The rise of all in one devices in Pro AV is driven by a range of factors. By bringing all the necessary components together in a single package, all in one devices simplify the supply chain, reduce the risk of delays or disruptions, and offer a range of benefits for both installers and end-users. As the industry continues to evolve, it is likely that we will see further innovation in this space, as manufacturers seek to address the challenges and opportunities of the modern Pro AV landscape.

For more on the modern AV industry, check out Ben’s show Pro AV Today.

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Go to the profile of Michael Frost
over 1 year ago

I am not finding this to be true with all manufacturers. Due to difficulties in getting chipsets some manufacturers have had to reduce their selection of products. Many of AMX's all-in-one presentation switcher/controllers were recently discontinued. They went from 12 models down to 2. Many of Crestron's All-In-One presentation switcher/controllers were also discontinued. They are claiming this was due to chip shortages and other supply chain issues. They went from 5 models down to 2. Some of QSC's Q-Sys all-in-one DSP/Controllers were also recently discontinued due to chip shortages and other supply chain issues. Those were their Core 100f (replaced with Core 110f v2 with reduced features) and their Core 510i. Cisco on the other hand has increased their selection of Room Series all-in-one VTC Codec products that include  the codec, cameras, microphones and speakers.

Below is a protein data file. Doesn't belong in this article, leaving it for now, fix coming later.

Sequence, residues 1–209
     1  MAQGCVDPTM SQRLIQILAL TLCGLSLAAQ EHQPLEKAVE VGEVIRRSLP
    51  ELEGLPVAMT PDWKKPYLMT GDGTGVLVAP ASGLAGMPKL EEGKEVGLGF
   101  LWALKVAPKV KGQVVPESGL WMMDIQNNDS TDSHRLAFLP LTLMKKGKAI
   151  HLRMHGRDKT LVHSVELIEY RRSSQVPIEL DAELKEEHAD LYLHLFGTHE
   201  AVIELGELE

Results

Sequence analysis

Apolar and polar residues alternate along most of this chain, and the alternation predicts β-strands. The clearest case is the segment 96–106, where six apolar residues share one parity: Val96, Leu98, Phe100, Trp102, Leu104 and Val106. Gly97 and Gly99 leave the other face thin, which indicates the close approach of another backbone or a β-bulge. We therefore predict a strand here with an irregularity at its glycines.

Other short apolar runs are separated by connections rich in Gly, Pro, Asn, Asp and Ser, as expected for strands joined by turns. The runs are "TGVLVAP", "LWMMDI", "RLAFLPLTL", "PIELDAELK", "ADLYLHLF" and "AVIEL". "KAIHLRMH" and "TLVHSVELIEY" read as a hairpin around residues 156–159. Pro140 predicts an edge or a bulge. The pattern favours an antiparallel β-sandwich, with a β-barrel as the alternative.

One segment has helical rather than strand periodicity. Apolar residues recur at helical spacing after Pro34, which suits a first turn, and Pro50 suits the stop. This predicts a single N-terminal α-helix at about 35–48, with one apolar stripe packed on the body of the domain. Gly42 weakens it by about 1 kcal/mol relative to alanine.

Go to the profile of Harish040
about 1 year ago

Epically Video conferencing devices combine multiple functions and capabilities and most of the new OEM focusing on it.  

Having single device with Multi functionalities has lot of advantages in terms of installation, coordination, backups, managing spares etc.

Harish. N

Go to the profile of chris wildfoerster
about 1 year ago

Hi Ben, I 100% agree. Axis Network Audio products have been doing this for years. We've used PoE technology in all of our speakers and included configuration software in each for easier decentralized communications via the clients infrastructure. Combined with our IP based security, intercom, VMS and more, we provide seamless integration between security and PA.

Our Audio Manager Edge software does the work of many traditional AV components.  Such as:

Zoning (200 speakers up to 20 zones)

Pre recorded message playback stored in the speakers

Built in I/O's to trigger other devices

Built in LED's that can be p[programmed to specific events

Built in mic for listening in or two way communications

Line / mic in if remote mounting of mic is required

DSP to ensure the audio sounds natural replacing DSP processors and EQ's

Health monitoring

Weekly scheduling of messages and events

PoE power eliminates racks, power amplifiers and the space needed to install them

Remote control and monitoring via browser keeps unwanted hands from changing settings

All this is done via hardware and software axis communications

You can see what we have in more detail by visiting Axis.com/en-us/products/network-audio